Wed, 04 September 2019
A business, with its relative simplicity, can be easy to understand and explain. You have a product or service that is available for sale at a given value. At the other end, there are people who want that same product or service and are willing to pay the said price for the same. This is how the business starts to make money. But an economy is a far more complex system – however, the basics of what govern it are the same.
The economy itself is the core offering. All the variety of business activities that operate within that economic system i.e. banking and finance, goods and services produced or traded, hospitality services, healthcare and education, support this core offering. Each of these business activities has a multiplier impact on the economic system and allow it to earn enough money for business and welfare activities.
For the Bahraini economic system, hospitality offers tremendous potential. This stems from the ability of tourism to impact a very large number of factors of economic activity. This is true for every economy, but for Bahrain, its unique geographic position and global diaspora of population make it a very interesting destination.
For every tourist attraction and,every hospitality service established to support them, the impact is manifold. It creates employment at the construction stage as well as for implementation. It provides an avenue for locals to spend local currency thereby enabling currency churn. For locals, this means that the overall quality of life improves. In addition, the emotional and social benefits of having avenues for leisure activities have significant intangible benefits.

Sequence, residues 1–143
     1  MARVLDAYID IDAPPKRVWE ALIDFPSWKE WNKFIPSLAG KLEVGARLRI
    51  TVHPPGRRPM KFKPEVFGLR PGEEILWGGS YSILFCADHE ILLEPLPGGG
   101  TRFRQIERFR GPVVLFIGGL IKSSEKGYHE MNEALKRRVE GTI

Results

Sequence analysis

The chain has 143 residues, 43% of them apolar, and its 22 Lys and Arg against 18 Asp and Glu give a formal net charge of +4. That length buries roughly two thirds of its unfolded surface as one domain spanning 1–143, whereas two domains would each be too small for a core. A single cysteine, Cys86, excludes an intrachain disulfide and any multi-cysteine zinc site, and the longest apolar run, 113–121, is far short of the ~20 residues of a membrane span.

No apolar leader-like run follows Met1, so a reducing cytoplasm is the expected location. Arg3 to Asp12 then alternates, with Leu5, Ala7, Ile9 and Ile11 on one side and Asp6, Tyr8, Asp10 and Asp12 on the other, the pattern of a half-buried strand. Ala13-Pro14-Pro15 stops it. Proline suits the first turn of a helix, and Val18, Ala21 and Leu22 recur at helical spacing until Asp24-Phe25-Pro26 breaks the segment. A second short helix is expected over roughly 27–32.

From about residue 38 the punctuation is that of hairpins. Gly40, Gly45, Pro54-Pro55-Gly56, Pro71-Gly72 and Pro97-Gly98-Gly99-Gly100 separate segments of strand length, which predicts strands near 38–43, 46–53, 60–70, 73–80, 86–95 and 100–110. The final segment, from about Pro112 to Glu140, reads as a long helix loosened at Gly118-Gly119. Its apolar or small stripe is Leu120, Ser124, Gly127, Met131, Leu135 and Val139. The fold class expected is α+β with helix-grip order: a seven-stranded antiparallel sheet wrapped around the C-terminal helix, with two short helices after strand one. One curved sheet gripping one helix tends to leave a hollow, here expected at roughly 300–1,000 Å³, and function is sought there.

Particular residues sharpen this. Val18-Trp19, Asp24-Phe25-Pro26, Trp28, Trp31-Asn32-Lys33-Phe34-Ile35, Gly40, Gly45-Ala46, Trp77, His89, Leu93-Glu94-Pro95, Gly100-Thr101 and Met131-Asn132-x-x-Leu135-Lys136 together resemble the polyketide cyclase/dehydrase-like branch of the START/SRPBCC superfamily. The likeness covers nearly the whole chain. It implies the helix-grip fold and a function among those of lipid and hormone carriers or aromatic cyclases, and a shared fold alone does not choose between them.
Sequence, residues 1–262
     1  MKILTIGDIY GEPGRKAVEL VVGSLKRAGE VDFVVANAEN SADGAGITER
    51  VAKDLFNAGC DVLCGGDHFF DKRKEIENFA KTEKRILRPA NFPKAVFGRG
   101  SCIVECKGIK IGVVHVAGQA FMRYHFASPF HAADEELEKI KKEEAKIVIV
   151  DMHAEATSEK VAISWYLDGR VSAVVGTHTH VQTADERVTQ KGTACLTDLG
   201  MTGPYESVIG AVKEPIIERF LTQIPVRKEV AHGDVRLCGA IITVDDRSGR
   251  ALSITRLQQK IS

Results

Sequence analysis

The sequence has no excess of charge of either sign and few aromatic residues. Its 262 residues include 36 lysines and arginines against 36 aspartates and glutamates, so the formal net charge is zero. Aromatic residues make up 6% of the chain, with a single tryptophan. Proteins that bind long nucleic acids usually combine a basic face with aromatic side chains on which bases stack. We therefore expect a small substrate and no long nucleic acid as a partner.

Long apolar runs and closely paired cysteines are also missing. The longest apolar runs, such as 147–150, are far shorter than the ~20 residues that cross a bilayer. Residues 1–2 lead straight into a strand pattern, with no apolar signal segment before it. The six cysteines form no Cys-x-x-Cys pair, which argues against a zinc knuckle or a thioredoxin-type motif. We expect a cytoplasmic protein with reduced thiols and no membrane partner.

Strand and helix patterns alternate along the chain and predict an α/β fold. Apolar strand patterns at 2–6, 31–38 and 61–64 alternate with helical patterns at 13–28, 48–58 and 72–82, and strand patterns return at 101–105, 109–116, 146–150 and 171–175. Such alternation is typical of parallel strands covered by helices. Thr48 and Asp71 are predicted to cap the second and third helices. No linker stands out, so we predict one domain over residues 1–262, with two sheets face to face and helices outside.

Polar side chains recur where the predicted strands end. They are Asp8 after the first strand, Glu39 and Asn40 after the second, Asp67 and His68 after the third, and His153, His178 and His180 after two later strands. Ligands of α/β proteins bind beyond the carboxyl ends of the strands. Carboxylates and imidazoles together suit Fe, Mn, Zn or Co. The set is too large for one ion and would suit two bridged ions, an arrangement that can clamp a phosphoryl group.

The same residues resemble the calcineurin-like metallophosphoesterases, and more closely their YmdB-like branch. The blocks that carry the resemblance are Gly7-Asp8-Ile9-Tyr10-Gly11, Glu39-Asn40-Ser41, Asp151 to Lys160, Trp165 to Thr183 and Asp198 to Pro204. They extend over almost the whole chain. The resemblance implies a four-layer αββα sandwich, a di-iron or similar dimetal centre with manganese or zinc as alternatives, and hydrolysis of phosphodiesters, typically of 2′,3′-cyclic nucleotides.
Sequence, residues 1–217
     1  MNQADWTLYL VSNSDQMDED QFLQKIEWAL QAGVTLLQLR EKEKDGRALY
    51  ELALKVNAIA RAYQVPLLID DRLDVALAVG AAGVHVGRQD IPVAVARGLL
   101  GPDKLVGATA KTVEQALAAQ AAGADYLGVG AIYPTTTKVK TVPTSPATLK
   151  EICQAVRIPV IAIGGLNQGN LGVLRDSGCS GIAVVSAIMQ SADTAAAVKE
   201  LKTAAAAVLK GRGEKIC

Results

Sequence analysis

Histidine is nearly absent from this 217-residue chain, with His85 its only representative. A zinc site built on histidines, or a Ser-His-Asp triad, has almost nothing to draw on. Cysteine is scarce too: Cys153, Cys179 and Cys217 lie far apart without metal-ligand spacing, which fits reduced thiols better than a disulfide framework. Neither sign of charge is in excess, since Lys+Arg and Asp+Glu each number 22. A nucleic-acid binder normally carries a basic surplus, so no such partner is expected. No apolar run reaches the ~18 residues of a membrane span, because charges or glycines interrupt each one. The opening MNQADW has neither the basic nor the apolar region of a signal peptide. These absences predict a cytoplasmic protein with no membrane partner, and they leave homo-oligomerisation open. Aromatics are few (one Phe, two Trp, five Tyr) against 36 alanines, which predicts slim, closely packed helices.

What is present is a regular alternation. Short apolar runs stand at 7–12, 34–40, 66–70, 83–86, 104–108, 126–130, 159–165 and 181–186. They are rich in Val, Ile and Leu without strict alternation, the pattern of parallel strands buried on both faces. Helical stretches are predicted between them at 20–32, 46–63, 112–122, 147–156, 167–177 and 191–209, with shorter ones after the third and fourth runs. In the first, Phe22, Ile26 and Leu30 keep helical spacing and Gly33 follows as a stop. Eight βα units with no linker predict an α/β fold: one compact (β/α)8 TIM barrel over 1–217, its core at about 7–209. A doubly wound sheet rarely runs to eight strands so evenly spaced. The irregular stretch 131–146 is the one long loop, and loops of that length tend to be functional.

Beyond locals, the benefits simply multiply. As people from other countries visit, local currency gets exchanged for foreign currencies. This has a stabilising impact on the economy and reduces its dependence on just one currency to maintain economic activity. When foreign currency is exchanged, it also adds to the money supply in the local economy because cash that was not generated in Bahrain is being spent and, thereby, added to the Bahrain economic system.
With each addition of hospitality and tourist attractions, usually, global brands offering hospitality services begin to enter the country. This sets off an increase in tourist activity which, again, increases interest in the country.
Global brands often mean that not only is employment generated, but local talent that’s hired is usually offered international training thereby expanding the skill sets of the population. This can have a spin-off as local talent goes on to establish hospitality ventures of international standards in the Kingdom.
As foreign visitors and international businesses increase, the social interaction with foreign cultures increases. As money is exchanged between Bahrain and other countries, the foundation of international economic relations strengthens significantly.
As tourist activity rises, the fundamental infrastructure of the host country is better utilised. Transport services, healthcare, local shops – they all benefit. Airlines witness better traffic movement and connectivity improves, which helps all business activity.
Keynesian economic theory says that to stabilise an economy, the state sometimes needs to simply dig trenches and fill them up to generate employment and initiate economic activity. The idea is supported broadly by either of two economic principals i.e. either you wait for demand and supply infrastructure and services for the same; or, you build the infrastructure, offer the services and then invest in marketing to create the demand. For tourism, it must always be the latter. Perhaps, the way forward is to build the hotels and tourism structure, and then fill them up.
You can follow Pria on Instagram at money_cues or visit http://www.i2d-consulting.com to know more about her professional experience.